The latest monograph of the Contemporary Art Series covers the provocative Polish artist and trickster Pawel Althamer (b. 1967), discussing in minute detail his “sculptures, installations, and pubic interventions.” Without a doubt, Phaidon’s Pawel Althamer is the most substantial art book I’ve laid my hands on in a long time, and it’s certainly not a book for someone with only a passing interest in contemporary Polish art.
Urban Knits, a small book of colorful photographs, explores a relatively new kind of graffiti called “urban knitting,” self-proclaimed to be the most “inoffensive” type of urban graffiti. Like most books of its kind, a collection compiled by theme, Urban Knits unintentionally shows the wide discrepancies in quality that exist in all forms of art, but that are especially prevalent in graffiti and street art. When the impetus for making art is not exclusively about the quality of the work itself but rather about the act of leaving a mark, the results are often less than imaginative. This seems to hold true for tagging as well as knitting.
A Hedonist’s Guide to Art may as well be called A Hedonist’s Guide to the Art World. Released last winter, the book is a collaboration between Artica, an eGallery for contemporary art, and Hg2, a series of luxury travel guides. It’s comprised of short essays from about 60 people from various reaches of the upper echelons of the London art world. The essays are divided between five chapter headings — ideas, lifestyle, the market, the art itself and “inner workings.” The content is most often in the form of a personal anecdote. That said, these tidbits are best nibbled on in small doses — it’s slow-going to read very many of these essays all at once.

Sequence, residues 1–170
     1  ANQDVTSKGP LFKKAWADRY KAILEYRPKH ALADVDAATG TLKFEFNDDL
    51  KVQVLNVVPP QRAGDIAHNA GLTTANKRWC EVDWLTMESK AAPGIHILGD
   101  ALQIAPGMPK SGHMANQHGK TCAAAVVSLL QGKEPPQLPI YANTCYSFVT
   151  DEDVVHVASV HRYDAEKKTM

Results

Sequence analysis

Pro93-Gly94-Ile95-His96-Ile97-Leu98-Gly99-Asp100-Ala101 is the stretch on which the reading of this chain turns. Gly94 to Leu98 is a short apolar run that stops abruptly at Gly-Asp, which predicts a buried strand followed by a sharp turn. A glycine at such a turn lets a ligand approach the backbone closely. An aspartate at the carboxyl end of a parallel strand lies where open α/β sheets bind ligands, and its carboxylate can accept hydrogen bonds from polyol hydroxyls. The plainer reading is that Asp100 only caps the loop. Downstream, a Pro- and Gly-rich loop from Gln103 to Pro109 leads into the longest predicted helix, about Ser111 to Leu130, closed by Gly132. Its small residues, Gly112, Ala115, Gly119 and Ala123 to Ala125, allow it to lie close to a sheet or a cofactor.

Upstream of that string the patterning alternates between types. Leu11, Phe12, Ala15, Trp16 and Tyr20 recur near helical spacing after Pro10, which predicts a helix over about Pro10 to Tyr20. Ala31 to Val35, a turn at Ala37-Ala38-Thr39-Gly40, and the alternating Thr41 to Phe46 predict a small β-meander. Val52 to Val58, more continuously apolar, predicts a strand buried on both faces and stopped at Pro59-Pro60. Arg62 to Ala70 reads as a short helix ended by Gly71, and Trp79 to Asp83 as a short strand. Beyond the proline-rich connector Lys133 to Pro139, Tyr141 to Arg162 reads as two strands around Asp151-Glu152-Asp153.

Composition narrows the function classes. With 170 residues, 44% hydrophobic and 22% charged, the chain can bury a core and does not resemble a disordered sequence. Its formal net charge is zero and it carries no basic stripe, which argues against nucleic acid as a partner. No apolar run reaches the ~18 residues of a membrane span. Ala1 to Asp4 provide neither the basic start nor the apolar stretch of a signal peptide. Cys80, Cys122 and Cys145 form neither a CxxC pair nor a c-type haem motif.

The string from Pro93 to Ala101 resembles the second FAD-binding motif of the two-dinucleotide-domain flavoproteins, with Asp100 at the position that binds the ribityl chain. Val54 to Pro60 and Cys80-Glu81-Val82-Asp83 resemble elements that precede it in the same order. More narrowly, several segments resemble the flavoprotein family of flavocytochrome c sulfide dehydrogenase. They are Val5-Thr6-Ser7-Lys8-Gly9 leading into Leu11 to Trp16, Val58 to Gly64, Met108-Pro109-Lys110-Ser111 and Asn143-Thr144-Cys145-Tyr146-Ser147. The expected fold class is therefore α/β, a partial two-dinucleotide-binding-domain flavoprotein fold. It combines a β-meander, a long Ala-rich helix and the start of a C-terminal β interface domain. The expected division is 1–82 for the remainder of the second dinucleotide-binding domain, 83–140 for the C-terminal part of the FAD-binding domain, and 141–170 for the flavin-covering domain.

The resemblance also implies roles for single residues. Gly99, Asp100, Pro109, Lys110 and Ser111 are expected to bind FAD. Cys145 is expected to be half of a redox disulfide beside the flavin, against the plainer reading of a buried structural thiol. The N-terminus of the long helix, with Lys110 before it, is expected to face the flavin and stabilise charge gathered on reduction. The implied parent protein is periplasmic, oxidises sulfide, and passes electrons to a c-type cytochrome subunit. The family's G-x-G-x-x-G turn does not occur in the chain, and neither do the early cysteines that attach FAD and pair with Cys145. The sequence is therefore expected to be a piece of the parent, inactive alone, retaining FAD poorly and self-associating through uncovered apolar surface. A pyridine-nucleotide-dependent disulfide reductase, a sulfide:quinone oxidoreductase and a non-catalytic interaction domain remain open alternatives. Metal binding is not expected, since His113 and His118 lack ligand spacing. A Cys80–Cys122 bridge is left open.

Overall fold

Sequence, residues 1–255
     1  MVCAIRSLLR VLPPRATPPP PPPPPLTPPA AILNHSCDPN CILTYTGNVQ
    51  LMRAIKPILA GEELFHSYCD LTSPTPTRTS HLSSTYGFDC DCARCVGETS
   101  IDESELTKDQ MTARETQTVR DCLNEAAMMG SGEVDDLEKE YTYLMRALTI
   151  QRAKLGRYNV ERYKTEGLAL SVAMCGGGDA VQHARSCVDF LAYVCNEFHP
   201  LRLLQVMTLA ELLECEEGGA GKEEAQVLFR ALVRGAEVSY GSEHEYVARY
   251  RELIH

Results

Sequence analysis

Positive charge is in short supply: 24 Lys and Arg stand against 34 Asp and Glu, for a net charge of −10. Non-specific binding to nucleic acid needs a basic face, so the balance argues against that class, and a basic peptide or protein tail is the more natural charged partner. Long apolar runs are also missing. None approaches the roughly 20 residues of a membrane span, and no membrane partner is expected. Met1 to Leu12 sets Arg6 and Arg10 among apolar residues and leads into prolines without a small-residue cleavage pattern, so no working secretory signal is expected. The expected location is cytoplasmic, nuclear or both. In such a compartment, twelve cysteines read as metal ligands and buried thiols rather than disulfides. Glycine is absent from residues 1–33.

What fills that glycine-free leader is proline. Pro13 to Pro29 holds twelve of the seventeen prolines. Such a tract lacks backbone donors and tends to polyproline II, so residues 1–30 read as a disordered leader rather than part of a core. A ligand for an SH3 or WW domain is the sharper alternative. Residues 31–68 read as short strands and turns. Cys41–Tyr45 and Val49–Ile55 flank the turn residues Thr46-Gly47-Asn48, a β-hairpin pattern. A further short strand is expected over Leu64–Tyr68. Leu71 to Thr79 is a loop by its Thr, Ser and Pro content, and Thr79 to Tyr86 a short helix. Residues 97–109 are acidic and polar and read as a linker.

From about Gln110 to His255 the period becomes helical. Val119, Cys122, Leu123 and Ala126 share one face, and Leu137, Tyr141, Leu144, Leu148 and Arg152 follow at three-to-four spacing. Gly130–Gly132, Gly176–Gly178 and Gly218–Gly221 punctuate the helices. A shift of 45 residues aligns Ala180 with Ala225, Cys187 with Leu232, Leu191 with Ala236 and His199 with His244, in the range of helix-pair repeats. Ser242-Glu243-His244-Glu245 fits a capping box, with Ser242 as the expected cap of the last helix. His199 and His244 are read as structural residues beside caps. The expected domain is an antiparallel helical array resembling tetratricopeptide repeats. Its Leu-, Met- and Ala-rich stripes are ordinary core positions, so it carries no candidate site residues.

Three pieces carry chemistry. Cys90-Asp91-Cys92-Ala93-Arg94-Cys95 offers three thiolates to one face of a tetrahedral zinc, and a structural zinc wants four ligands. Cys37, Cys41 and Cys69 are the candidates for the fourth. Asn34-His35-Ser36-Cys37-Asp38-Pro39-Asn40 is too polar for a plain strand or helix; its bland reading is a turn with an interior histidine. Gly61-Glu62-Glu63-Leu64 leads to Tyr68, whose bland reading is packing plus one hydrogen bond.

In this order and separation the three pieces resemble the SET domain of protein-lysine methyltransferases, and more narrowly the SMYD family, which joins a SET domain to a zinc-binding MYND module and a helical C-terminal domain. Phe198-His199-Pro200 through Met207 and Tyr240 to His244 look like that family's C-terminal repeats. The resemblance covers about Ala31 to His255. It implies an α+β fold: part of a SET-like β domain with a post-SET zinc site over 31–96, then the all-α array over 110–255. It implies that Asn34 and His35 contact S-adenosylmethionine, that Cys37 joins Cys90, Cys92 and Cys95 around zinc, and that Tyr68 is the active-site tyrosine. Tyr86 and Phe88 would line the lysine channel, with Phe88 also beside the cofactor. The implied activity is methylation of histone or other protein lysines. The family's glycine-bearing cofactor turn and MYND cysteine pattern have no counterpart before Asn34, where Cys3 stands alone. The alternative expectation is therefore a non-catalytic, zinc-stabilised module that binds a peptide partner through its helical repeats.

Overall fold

The author Penelope Przekop’s second novel, Centerpieces, is a novel that bravely tries to be a historical fiction about Van Gogh, art and the creative drive, but instead turns out to be a twisted narrative that describes a stifling world of corporate ladder-climbing.
Birdsong, the local Williamsburg zine now in its 15th issue, is a blend of short stories, poems, drawings, collages and photographs: it is primarily a literary magazine that features artwork woven between each written piece. Birdsong’s appeal can be summed up nicely by the resumes of the artists and writers who contribute to it …
The goal of MoMA’s Print & Illustrated Book department’s latest show entitled Impressions from South Africa: 1965 to Now, is simple: to explore how various printmaking techniques have been used in South African art since the 1960s, when the museum first began collecting African art.
Reading through detained Chinese artist Ai Weiwei’s blog, recently translated by Lee Ambrozy and published as an eponymous book by MIT Press, isn’t fun, and it’s not for the faint of heart. A carefully selected culling of the artist’s massive production of posts between 2006 and 2009, the volume is a guts-and-all portrait of the man who is in all likelihood the most important artist working in the world today. That he remains arrested without charge by the Chinese government only heightens the strained urgency of Ai’s posts, an avalanche of “writings, interviews and digital rants,” as the book’s tagline puts it, that range through political philosophy, aesthetic inquiry and simple documentation of daily life.